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Thursday, January 11, 2007

Let's get the hell out of Iraq

LET'S GET THE HELL OUT OF IRAQ NOW
Mike Ghouse, Jan 11, 2007


The Americans have given a mandate to the Democrats, and certainly have given a clear message to get the xell out of Iraq.

Our President has been shielded from the Public far too long now; he just does not see the ratings, the votes and the survey. If he wants to go down in the history as a President who had his own mind, he needs to dump the yes men and women around him.

We have to honor the Iraqi's people's right to self determination. Let them figure it out what needs to be done. It is arrogance on our part to believe that they cannot handle their affairs. I am certain, they can't beat death records in excess of 3000 of our own sons and daughters and 600,000 Iraqis. We should not be responsible for any more deaths, let's get out of there.

Our absence will de-escalate the killings and much of the bloodshed will stop.The Iraqi's are a very capable people, it is their nation, their society and their lives at stake, and they will take care of it themselves. We need to stop pretending to be the protectors, God is, not us.


Mike Ghouse

Added on 1/12/07:

Reaction to Presiden't Bush's speech - Check out the YES MEN below, Cain, Juliani & Ramni, it is because of these men, we are accelrating our mistakes. I hope, our President dumps all the yes men's advice, and find men and women who have the guts to stand up to you to say "Sir, I am afraid, we are wrong". When will they learn to speak up? By the way, I am a Republican and will remain one. Our party is screwed up, but it will get fixed and I hope it would be before 2008. We just need more people to speak up without fear. - Mike Ghouse

The Reaction
Statements on President Bush's Iraq speech from potential 2008 presidential candidates:
"As our commanders have said repeatedly, Iraq requires a political solution, not a purely military one, and we did not hear such a proposed solution tonight."-- Sen. Hillary Rodham Clinton (D-N.Y.)


"I have no doubt that the president is sincere in believing that his strategy is the right one. But escalation has already been tried and it has already failed, because no amount of American forces can solve the political differences that lie at the heart of somebody else's civil war."-- Sen. Barack Obama (D-Ill.)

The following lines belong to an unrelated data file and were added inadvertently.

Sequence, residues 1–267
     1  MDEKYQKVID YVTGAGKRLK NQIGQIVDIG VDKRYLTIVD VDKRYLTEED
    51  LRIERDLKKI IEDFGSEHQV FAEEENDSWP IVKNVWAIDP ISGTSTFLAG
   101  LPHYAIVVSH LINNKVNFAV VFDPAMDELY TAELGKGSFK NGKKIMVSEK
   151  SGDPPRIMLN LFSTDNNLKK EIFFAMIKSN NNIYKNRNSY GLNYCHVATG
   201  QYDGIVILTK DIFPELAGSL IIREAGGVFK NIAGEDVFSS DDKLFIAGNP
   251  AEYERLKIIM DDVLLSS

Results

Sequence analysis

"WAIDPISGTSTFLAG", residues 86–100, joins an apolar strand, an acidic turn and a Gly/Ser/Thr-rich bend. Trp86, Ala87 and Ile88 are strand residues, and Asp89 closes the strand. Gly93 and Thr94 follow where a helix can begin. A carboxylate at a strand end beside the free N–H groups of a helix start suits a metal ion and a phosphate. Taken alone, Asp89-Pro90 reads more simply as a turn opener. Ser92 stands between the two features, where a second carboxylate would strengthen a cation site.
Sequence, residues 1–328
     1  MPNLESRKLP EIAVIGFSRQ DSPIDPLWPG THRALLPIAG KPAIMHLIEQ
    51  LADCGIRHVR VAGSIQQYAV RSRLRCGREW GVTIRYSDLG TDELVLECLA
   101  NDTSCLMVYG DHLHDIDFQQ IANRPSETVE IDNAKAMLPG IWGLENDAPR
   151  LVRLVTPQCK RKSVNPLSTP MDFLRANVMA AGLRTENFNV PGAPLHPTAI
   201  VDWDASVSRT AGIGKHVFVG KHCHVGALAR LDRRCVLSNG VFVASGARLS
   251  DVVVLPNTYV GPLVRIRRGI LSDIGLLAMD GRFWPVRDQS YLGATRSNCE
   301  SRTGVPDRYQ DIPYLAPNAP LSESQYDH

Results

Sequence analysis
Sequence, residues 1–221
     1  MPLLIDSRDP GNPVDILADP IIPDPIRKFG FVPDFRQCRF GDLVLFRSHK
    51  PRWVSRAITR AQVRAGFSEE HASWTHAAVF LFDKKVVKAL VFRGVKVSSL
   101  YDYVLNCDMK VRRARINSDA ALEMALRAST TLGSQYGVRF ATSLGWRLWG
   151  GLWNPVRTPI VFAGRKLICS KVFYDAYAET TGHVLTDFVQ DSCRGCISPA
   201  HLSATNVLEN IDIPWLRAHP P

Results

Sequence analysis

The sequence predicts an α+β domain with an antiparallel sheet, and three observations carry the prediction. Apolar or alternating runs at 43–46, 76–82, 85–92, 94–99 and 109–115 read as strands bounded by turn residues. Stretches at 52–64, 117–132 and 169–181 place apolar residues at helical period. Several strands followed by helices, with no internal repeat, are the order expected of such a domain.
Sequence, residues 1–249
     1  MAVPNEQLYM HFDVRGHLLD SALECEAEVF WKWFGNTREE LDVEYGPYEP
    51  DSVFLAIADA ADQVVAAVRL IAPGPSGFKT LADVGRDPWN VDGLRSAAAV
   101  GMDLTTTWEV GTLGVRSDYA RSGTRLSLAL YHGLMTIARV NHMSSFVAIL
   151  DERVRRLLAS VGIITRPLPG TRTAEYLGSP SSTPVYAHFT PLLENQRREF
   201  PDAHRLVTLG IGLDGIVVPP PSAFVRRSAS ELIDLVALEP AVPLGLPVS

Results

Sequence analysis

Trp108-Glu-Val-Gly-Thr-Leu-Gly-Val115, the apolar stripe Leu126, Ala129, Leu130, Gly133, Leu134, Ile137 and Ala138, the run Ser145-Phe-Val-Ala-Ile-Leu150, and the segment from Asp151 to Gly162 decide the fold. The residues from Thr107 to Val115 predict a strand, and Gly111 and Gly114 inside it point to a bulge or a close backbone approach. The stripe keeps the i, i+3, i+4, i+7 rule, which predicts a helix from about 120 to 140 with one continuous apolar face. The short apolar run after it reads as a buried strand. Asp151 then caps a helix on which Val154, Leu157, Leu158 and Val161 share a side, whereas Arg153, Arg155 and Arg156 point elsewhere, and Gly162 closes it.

"The new Congress must intercede to stop Bush from stubbornly sticking to the same failed course in Iraq and refuse to authorize funding for an escalation of troops."-- Former senator John Edwards (D-N.C.


"I've been calling for the increases, but I believe that this can succeed.I really do. I believe that it's not just an increase in troops; it's a change in strategy."-- Sen. John McCain (R-Ariz.) on Fox News


"I support the president's increase in troops. Even more importantly, I support the change in strategy - the focus on security and the emphasis on a political and economic solution as being even more important than a military solution."-- Former New York mayor Rudolph W. Giuliani (R)


"I agree with the president: Our strategy in Iraq must change. Our military mission, for the first time, must include securing the civilian population from violence and terror."-- Former Massachusetts governor Mitt Romney (R)


The Washington Post

Bush's Iraq Plan Meets Skepticism On Capitol Hill
Opposition to Troop Increase Is Bipartisan

http://www.washingtonpost.com/wp-dyn/content/article/2007/01/11/AR2007011100437.html?referrer=email

By Michael Abramowitz and Jonathan Weisman
Washington Post Staff WritersFriday, January 12, 2007; Page A01

President Bush's proposal to send 21,500 additional troops to Iraq encountered strong bipartisan opposition on Capitol Hill yesterday, and his top national security advisers, dispatched to defend the strategy, were greeted with a skepticism not seen from Congress over the past six years.

Lawmakers said they have little confidencethat the Iraqi government has the capacity to deliver on promises to take the lead in cracking down on violent militias and providing security in Baghdad, as the president's plan contemplates. Democrats and Republicans alike said they are concerned that Bush's plan, announced Wednesday night in a nationally televised prime-time address, is too little and too late and does not appear very different from previous efforts to secure the capital.

Buy This Photo

President Bush is facing opposition from lawmakers of both parties and from the public over his plan. (By Gerald Martineau -- The Washington Post)
Transcripts
Rice Delivers Remarks Before Senate Foreign Relations Committee
Rice Delivers Remarks Before House Armed Services Committee